Tuesday, May 17, 2005

Including People

  1. Several years ago I was taking a picture of a building, and David told me to include people in my photographs. He said that they were more interesting with people in them.

  2. David was one of a trio tall, dark-haired guys (spread over several years and thousands of miles) that I had close friendships with. They all gave off a future lawyer and/or young Republican vibe. David, I believe, really is a lawyer now. The other two are probably entrepreneurs or investment bankers or somesuch. I was able to be friends with these guys because it was entirely obvious that guys like them didn't date girls like me. Brian would tell me about sleeping with an actress (did I believe him?). He held his life together pretty well for someone who might have had an alcohol problem. Matt was less cool than the other two; he would sleep with me when he was between girlfriends.

  3. There's less to say about the tall blond guys, as there really was no theme to them (aside from bad vision). Were I forced to write something, it would have to be the "contrast" part of a compare and contrast. And the other guys? Even less that I want to say. (Fun fact: When I was 24, I married a high school drop-out.)

  4. It's this whole idea of including people that makes during-the-semester blog posts easier to write than between-semesters posts. During the semester, I would see well over 100 people (students) several times a week. Always at least one of them had said or done something of note.

  5. It's easier to blur the identities of students than of the other people in my life. A college student of unspecified gender who is failing math due to being poorly prepared for college and then not doing the hard work necessary to succeed? So common that there is a question on the registrar's scholarship FAQ about what to do if you fail math your freshman year. This is probably a factor in why I don't write as much about the successes of individual students: their successes are much more, well, individual.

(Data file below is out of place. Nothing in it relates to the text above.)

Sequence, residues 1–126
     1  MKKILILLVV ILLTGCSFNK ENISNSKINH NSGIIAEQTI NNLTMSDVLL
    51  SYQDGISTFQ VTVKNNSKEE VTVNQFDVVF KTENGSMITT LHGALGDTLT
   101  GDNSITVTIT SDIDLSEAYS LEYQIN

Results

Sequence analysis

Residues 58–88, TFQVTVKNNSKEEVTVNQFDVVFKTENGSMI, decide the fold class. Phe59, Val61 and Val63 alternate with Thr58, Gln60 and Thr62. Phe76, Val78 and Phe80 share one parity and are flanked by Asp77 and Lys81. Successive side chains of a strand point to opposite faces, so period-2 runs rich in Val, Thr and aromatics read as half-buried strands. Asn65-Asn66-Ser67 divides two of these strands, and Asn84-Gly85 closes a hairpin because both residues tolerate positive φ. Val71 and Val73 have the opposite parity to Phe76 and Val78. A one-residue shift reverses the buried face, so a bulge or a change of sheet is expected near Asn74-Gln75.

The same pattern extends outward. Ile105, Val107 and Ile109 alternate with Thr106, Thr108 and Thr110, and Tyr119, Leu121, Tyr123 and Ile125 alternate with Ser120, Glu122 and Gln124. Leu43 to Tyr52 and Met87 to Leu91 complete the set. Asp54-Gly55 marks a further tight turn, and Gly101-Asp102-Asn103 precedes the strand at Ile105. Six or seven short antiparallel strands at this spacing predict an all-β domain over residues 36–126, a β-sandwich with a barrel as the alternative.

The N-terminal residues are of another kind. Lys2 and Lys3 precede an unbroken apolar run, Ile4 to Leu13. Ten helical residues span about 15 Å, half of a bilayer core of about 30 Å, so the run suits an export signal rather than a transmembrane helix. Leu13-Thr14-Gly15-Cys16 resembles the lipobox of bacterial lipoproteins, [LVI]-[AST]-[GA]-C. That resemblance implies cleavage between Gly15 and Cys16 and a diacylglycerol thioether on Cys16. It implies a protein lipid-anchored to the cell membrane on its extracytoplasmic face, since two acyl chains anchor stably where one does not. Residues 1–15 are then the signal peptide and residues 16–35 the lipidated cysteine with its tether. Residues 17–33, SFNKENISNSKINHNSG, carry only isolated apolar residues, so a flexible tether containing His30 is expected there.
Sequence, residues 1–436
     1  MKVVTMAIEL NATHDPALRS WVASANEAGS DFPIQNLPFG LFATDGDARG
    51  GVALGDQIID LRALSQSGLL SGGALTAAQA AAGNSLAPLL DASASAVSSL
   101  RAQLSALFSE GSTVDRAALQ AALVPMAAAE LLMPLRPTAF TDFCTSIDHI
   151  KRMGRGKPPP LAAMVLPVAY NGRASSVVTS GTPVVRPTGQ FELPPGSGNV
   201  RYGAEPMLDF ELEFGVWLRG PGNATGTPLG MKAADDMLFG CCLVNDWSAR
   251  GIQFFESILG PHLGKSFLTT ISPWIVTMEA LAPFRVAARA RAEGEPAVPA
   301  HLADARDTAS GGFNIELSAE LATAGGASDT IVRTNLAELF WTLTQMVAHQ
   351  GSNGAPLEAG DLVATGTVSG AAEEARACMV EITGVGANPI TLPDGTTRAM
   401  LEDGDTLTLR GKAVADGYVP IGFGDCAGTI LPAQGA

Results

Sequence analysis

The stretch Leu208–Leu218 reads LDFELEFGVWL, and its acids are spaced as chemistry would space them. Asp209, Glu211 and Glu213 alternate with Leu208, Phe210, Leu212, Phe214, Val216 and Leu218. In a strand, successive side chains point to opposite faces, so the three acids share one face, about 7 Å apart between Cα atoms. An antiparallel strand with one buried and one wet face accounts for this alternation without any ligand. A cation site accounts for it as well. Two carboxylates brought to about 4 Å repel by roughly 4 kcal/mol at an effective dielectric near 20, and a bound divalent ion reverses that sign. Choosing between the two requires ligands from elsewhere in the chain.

6. Colleagues? I could tell you about how Professor Oscar Madison always seems to be out to pick a fight. But since I really do like my job, there isn't much more that I can say here about the conversation we had yesterday. Nothing especially noteworthy about it, just another in a series of discussions (that go nowhere) about unimportant stuff.

  7. I think that a famous person is visiting the department, but I'm not sure. I have a terrible time recognizing people by their faces; I checked the famous guy's webpage, and I can't tell from the photograph whether it's the same person. (Yet another reason that I would make a terrible bartender; no one would believe me that I couldn't tell that the person I was serving wasn't the person whose photograph was on the ID.) My guess to his identity is based on his voice.

  8. Family? I bet your mom nags you, too. And writing too much about the struggles of individuals is just asking for trouble.

  9. Really what I need is to get out more and meet more interesting people.